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Host Tom Temin brings you the latest news affecting the federal community each weekday morning, featuring interviews with top government executives and contractors. Listen live from 6 to 9 a.m. or download archived interviews below.
A holiday party survival guide for feds
Friday - 12/3/2010, 10:41am EST
By Suzanne Kubota
Senior Internet Editor
It's that time of year. Offices around the country are gearing up for their annual holiday parties.
While it can seem like the holiday party is less about having fun and more about avoiding potential pitfalls, avoiding those pitfalls isn't all that tough said Barry Downs, Metro Market Manager for The Creative Group.
The same rules apply, Downs told Federal News Radio, to both private and public sector company parties, "because, at the end of the day, your perception as a professional is built upon how you handle yourself in any particular situation."
Don't miss out on the parties, said Downs, because they represent social opportunities to build your network. Go into them with a positive perspective. He advises to "maintain a good level of professionalism and you should come out on the other end doing just fine."
Newer employees sometimes need to be told ahead of time that the parties are still a professional environment. You'll be around your peers and managers and senior members of the organization. As Downs put it, "It is still a job. It is still your career that you're managing even though you're in a more, maybe, relaxed environment."
Downs said there are a few "don'ts" to remember about the office party:
- Don't be too social - Respect people's personal distance, and don't get romantically involved with anyone at the office; and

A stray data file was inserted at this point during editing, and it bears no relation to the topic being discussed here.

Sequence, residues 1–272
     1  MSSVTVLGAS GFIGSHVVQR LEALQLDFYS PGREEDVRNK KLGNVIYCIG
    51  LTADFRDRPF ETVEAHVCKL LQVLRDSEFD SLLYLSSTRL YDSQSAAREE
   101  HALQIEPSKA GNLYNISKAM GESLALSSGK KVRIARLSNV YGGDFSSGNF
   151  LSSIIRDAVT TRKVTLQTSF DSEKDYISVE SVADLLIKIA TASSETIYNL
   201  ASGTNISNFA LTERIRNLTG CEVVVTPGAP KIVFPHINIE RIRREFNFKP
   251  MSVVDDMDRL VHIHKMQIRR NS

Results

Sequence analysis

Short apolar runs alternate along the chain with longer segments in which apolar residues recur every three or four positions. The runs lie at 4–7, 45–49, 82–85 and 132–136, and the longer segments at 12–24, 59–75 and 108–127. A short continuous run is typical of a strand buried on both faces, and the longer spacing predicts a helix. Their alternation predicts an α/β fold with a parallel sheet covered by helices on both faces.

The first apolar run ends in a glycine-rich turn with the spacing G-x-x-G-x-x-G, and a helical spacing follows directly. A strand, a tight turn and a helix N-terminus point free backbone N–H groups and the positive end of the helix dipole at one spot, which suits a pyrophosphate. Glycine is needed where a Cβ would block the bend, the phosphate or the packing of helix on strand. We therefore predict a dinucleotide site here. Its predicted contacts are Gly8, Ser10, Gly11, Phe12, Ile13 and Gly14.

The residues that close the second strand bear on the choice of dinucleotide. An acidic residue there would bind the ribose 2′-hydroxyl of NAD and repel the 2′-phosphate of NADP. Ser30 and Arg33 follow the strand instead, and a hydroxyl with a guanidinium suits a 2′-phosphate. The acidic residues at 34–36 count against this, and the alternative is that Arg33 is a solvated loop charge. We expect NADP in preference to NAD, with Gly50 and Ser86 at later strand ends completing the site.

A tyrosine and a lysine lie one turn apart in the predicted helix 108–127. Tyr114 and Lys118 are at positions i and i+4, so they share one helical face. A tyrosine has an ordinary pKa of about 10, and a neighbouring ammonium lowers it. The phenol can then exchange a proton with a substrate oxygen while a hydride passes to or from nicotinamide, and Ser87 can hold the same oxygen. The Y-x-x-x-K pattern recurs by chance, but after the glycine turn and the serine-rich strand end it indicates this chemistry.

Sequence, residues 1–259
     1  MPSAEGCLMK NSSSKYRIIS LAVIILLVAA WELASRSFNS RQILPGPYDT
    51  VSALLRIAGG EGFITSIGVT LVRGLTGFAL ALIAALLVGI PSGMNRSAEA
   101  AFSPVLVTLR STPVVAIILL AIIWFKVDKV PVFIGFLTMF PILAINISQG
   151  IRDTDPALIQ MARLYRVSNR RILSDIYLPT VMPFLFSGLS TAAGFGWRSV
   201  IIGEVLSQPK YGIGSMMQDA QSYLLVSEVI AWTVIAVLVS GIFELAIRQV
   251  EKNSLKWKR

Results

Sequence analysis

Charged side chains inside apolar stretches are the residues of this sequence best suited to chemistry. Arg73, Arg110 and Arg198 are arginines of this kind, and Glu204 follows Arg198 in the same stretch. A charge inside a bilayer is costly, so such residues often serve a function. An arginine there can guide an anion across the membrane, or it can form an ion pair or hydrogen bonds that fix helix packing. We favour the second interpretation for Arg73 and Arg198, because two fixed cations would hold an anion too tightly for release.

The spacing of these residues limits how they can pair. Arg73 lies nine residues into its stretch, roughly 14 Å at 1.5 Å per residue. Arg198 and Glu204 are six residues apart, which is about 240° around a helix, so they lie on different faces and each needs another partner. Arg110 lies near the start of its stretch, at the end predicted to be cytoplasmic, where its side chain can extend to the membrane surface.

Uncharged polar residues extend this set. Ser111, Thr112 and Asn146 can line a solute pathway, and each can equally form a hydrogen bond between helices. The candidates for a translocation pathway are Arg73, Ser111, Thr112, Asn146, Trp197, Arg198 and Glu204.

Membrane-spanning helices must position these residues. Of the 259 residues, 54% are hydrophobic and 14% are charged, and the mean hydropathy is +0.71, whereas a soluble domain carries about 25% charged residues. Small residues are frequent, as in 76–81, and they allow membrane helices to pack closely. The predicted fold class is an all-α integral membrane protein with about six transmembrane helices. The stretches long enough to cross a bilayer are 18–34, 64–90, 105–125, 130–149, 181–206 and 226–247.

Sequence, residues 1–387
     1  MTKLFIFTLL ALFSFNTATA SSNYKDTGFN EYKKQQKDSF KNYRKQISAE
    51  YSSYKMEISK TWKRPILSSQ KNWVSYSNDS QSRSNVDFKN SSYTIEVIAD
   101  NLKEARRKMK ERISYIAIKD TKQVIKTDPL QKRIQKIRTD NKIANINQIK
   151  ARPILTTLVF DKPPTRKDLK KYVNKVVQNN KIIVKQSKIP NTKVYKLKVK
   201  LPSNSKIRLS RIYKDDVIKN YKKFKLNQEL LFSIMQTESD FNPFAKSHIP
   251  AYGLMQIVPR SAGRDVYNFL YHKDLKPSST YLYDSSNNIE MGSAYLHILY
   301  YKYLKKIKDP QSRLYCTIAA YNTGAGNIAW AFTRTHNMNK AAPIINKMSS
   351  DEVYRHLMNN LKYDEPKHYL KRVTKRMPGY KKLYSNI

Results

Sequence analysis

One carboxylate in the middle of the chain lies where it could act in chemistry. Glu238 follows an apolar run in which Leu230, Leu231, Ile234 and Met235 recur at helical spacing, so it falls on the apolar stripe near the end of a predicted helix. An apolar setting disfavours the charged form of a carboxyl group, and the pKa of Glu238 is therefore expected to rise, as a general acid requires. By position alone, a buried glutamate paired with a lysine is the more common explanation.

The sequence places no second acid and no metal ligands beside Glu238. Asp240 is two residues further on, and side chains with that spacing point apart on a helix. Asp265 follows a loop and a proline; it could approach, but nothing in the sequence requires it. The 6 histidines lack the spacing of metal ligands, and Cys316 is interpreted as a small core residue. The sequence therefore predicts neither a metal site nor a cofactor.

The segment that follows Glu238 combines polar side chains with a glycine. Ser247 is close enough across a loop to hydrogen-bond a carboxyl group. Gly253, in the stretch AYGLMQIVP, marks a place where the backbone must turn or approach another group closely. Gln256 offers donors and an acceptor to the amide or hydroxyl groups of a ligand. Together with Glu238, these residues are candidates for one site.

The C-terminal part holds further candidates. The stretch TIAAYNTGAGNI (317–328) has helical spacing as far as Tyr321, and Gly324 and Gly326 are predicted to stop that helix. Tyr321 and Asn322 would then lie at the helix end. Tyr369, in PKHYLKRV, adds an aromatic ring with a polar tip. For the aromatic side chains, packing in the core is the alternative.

- Don't talk too much about work - You have to have a good balance, said Downs. "This is also a time to say thank you or talk about how much you're enjoying your organization. It can either be a great push for someone's career or it can probably be, you know, something that winds up submarining or setting someone back."
- For managers: Don't miss the chance to boost morale - Even in a tight economy, said Downs, "in some way, most companies should make some type of attempt to say thank you." Organize a pot luck if you have a very tight budget. And in an alcohol-free environment, as most offices are, it's cheaper.
Do Homework Ahead of the Party
Find out who might be attending so you're prepared. Practice! Be prepared to give a firm handshake and bow out gracefully if you find yourself tongue-tied. "If you're in that situation where you're kind of awestruck, maybe even sometimes recognizing that it's a pleasure to be able to meet someone like that." Stay positive, said Downs. "Say things like 'hopefully someday I hope to achieve some of the things that you've achieved.'"
As far as what to wear, Down said business events should be an extension of the office. If you wear a tie to work, maybe no tie is needed at the party, but wear a suit jacket and slacks. For women, said Downs, take the skirt, blouse, jacket approach. Even if the party is on the weekend, don't dress like you're going to a club. "If you keep it in the middle, you'll always be safe."
Keep your wits about you and use common sense. This was very clearly pointed out by Anchor Tom Temin when he suggested "don't compare tattoos with the boss's spouse."
For more, see Surviving an Awkward Situation at the Office Holiday Party tips from Robert Half and CareerBuilder.com.